State Street fights to put uncertainty behind it
A Boston stalwart fights its way through a crisis that’s putting even its steady strategy to the test
Ronald Logue had a nagging suspicion the financial climate was getting dangerous. But he didn’t know where the risks were looming, or how close they would come to his company.
Logue, the chief executive of State Street Corp., a financial services giant in Boston that handles investments around the world, said he first started to worry in 2007, while traveling abroad on business. He feared that markets were becoming so complex and intertwined that the next hedge fund meltdown or foreign currency crisis could threaten the financial system, and ultimately State Street.
He was right about the mounting risks. But they weren’t brewing in some far-flung corner of the world; rather, they were lurking in the US debt markets and right inside the halls of State Street’s downtown offices. By early this year, State Street said it was facing $9 billion in potential losses on seemingly safe debt investments, and shareholders reacted violently, cutting its stock price in half in a single day last January.
“I think the market stepped back and said, ‘Oh my God, even State Street?’ ” Logue said in a recent Globe interview.
Logue has spent the past six months trying to convince investors that a company known as a careful steward of other people’s money had not lost its way. He has repeatedly made the case that State Street stuck to safe kinds of investments. The debt instruments in question were backed by basic consumer loans – for autos and homes, for example. The only real risk with the securities was if, inexplicably, the trading markets were to freeze up.
Which is exactly what happened. When the global credit markets melted down last year, State Street had no way to value those assets and so was forced to acknowledge the potential multibillion-dollar losses. It was something no one could have predicted, Logue said. Still, Wall Street analysts were laying the blame at his feet.
“If there were just 50 percent illiquidity in the marketplace, we would have handled this fine,” Logue said.
On Tuesday, Logue and State Street completed a portion of a tumultuous journey back from those dark days. The company received permission from the US Treasury to repay the government the $2 billion it was forced to accept last October, in the first wave of the bank bailout launched by the Bush administration to prop up the tottering financial system.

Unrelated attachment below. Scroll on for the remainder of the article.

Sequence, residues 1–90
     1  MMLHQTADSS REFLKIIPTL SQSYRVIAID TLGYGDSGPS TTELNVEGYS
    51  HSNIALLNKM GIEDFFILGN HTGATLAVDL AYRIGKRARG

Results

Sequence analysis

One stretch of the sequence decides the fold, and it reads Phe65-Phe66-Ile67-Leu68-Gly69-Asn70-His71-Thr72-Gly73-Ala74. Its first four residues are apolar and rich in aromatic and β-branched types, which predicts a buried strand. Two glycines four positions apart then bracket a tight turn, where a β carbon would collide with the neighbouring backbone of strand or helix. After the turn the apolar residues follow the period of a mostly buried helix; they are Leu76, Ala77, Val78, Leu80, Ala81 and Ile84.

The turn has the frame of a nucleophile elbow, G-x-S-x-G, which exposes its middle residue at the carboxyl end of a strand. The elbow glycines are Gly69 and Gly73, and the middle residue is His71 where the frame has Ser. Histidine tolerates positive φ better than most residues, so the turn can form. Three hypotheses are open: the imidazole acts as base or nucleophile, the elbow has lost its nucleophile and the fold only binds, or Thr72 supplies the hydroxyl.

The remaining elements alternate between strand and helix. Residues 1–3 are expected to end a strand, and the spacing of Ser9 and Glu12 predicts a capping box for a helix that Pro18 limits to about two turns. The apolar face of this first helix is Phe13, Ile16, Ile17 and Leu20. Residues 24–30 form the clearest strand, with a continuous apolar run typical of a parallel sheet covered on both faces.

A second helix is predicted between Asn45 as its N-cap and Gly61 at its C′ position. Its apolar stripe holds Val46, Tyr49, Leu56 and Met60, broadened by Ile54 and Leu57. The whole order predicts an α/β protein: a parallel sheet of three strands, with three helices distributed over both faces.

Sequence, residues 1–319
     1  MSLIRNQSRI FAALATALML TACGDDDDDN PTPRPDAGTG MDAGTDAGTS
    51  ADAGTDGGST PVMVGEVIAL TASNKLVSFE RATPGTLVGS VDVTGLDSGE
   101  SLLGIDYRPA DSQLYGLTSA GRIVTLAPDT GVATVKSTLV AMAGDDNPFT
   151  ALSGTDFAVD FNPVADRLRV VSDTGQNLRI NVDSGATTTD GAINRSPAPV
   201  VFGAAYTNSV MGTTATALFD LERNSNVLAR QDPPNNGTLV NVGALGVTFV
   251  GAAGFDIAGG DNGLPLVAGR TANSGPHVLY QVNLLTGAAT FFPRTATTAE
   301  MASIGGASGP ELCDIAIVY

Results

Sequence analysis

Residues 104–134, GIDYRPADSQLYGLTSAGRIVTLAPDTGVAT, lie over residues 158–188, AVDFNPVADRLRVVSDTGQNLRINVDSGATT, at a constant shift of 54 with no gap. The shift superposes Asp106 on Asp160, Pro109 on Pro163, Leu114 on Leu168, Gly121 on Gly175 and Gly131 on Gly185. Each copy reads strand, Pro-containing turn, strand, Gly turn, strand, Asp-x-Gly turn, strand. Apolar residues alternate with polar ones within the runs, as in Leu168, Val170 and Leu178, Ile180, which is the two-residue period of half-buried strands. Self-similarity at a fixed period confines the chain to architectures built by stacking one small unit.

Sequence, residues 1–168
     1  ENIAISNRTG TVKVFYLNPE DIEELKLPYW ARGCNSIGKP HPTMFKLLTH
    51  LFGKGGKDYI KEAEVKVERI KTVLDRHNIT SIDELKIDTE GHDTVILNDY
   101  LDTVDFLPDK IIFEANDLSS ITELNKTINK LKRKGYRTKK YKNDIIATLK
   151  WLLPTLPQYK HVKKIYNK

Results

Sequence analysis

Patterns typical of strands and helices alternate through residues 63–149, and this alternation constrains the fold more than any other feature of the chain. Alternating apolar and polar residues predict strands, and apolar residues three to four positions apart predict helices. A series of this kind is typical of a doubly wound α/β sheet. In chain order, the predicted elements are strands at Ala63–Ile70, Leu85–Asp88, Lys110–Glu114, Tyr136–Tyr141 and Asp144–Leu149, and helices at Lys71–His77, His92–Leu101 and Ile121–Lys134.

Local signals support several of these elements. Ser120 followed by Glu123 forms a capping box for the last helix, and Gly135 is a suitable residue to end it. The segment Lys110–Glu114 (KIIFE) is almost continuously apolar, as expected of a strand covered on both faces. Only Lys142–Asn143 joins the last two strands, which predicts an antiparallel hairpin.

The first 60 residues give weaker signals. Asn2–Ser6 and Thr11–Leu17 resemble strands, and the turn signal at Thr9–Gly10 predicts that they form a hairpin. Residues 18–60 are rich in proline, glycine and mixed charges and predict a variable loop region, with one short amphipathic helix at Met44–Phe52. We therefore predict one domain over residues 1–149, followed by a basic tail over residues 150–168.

Logue had pledged from the beginning to get out of the federal program as soon as possible. At last month’s annual shareholder meeting, he said the company had gone a long way toward completing that effort, by raising $2.8 billion in stock and debt to repay the government. And last week, he declared victory of sorts, saying State Street had “assisted the federal government’s efforts in stabilizing the financial markets.”
It has been a longer road than Logue could have imagined to this place.
How did centuries-old State Street – which made its name as “a stodgy old record keeper,” as Logue says – become ensnared in the subprime mortgage debacle that brought down far racier investment houses? State Street makes its money managing $1.4 trillion for pension funds and other large investors, and handling accounting and record keeping for $12 trillion in mutual fund and hedge fund assets. Since Logue took over as chief executive in 2004, he has pressed the company to grow, including using its vast pools of cash to invest more aggressively.
“You could question whether they went overboard on growing the investment portfolio, and with greater risk,” said Gerard Cassidy, a longtime State Street watcher and banking analyst for RBC Capital Markets in Portland, Maine. Senior management of the bank bears responsibility for that, he said: “They accepted that risk and now they’re paying the penalty for it.”
Logue’s strategy made money for the shareholders, and for himself, as he reaped one of the biggest paychecks in banking. Indeed, even in 2008, while Wall Street titans were crumbling, State Street posted a record $1.8 billion profit. But that success was overshadowed by the uncertainty around the troubled investments.